Jouni Tuomisto, THL Risk-benefit assessment for plant food supplements (PFS)
New context: shared understanding • A large group of people who try to understand • What issues are on the table • Where are the agreements and disagreements • What are the reasons for disagreements • The aim to understand everyone’s point of view leads to inclusiveness. • ”Scientific” in this context means that a hypothesis can be openly criticised based on observations and relevance.
Guidance based on inclusiveness • Benefits and risks separately or combined? • Do both if you can. • Should DALYs or QALYs be used? • Do both if you can.
What impacts to include? • Health risks of compounds in products. • Health risks of behavioural changes due to consumption. • Health benefits of compounds in products. • Health benefits of placebo effect. • Health benefits of the habit of consumption (tradition of use).
Burden of proof? • Wide use of a product in a society implies health or other benefits in that society. • Requirement of substantial evidence of risk before banning a product. • If there is no use, burden of proof is rather not on risk side.
What do consumers expect? • Large variation between individuals for sure. • Probably those who consume products expect the products to be net beneficial. • Consumer values and expectations should be studied and used as a basis for assessments and regulation. • The motto of THL / Environmental health: • ”People must be able to drink, eat, breathe, and use consumer products trusting that their health is not in danger.” • This should be applied to PFS as a default.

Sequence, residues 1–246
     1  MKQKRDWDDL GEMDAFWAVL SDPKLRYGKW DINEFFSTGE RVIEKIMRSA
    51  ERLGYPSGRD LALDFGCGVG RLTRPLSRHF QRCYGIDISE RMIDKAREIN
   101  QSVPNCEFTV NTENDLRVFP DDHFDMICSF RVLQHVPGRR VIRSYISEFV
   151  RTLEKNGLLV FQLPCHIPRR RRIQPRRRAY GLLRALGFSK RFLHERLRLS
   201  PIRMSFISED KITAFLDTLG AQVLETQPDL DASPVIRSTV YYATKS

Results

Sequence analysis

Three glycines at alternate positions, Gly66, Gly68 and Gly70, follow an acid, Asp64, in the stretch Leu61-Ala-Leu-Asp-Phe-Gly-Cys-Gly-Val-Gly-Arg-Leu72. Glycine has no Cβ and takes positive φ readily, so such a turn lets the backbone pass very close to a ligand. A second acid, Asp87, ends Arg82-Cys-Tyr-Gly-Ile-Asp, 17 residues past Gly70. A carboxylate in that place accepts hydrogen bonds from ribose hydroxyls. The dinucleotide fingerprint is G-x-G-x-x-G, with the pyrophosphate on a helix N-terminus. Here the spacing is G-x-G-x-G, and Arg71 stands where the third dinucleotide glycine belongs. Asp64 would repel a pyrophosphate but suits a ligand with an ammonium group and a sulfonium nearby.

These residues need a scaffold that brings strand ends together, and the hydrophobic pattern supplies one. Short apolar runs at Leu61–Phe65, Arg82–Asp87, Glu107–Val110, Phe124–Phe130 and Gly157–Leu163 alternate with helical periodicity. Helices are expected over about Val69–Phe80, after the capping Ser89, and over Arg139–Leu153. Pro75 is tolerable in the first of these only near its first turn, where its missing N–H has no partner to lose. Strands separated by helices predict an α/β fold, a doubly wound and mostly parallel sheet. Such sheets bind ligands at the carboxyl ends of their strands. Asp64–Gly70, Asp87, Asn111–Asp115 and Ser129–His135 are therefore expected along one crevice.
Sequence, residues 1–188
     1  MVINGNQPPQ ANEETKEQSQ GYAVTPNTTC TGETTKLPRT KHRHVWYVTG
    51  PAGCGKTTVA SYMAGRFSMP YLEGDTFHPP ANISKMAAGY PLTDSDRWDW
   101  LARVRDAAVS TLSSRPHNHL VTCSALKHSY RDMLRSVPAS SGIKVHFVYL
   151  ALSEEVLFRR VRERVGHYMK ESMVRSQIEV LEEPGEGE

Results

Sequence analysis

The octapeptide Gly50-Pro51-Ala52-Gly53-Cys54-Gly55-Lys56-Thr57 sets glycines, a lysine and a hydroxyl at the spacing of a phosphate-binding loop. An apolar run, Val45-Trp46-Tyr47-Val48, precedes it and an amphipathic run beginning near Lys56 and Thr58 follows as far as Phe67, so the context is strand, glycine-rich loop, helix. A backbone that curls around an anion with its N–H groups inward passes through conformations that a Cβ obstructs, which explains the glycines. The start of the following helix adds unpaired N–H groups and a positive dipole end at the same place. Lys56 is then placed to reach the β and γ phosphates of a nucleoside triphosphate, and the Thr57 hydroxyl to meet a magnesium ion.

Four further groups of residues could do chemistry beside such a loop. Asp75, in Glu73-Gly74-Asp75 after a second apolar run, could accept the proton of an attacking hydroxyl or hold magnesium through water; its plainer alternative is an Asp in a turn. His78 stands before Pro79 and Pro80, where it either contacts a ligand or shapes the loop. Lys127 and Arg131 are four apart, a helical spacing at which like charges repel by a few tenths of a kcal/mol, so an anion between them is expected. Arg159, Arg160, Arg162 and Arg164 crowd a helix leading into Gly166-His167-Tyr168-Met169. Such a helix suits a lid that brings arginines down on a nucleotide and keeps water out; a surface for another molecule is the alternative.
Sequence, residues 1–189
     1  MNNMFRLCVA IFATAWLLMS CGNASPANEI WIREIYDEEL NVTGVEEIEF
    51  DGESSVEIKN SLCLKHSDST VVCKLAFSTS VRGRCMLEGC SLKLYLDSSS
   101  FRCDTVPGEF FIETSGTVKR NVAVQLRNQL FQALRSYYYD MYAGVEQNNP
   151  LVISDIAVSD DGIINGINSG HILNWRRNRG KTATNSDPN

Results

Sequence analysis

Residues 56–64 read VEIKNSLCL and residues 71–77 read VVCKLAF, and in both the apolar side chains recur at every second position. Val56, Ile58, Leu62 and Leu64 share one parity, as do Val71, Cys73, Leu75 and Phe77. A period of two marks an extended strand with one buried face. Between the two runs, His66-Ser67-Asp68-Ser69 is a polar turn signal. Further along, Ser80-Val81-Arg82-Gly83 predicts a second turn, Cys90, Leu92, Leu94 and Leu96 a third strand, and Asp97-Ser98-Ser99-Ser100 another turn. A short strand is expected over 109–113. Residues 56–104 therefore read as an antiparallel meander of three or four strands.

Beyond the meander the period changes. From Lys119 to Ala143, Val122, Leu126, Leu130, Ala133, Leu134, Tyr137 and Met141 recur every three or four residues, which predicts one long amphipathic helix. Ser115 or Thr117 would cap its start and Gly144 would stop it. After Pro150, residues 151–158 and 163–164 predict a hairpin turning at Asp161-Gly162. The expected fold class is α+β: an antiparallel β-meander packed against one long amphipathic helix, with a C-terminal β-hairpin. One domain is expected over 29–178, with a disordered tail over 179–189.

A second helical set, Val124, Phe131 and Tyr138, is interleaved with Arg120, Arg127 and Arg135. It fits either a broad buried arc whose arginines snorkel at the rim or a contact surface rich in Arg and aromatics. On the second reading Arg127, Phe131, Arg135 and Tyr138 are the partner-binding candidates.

Sharing is learning • People mostly think about one assessment at a time. • We should systematically collect and share data about all important and interesting compounds. • We should try to learn about groups of assessments and groups of chemicals. • Big data: e.g. Google’s influenza predictions..
Sharing is learning (2) • We will never have enough data about many single chemicals, but we do have good data about eg. cancer impacts of all chemical exposures combined. • We should aim at a systematic assessment of all exposures. That is a huge task, though.
Is it technically feasible? • The null hypothesis is usually: ”No impact” • But it could also be: P(X > x) • Probability that the true impact X is actually larger than value x. • It would be possible to assess the highest plausible impacts to see whether conclusions can be made. • Bayesian approaches do this naturally. • Quantitative assessment is feasible more often than thought.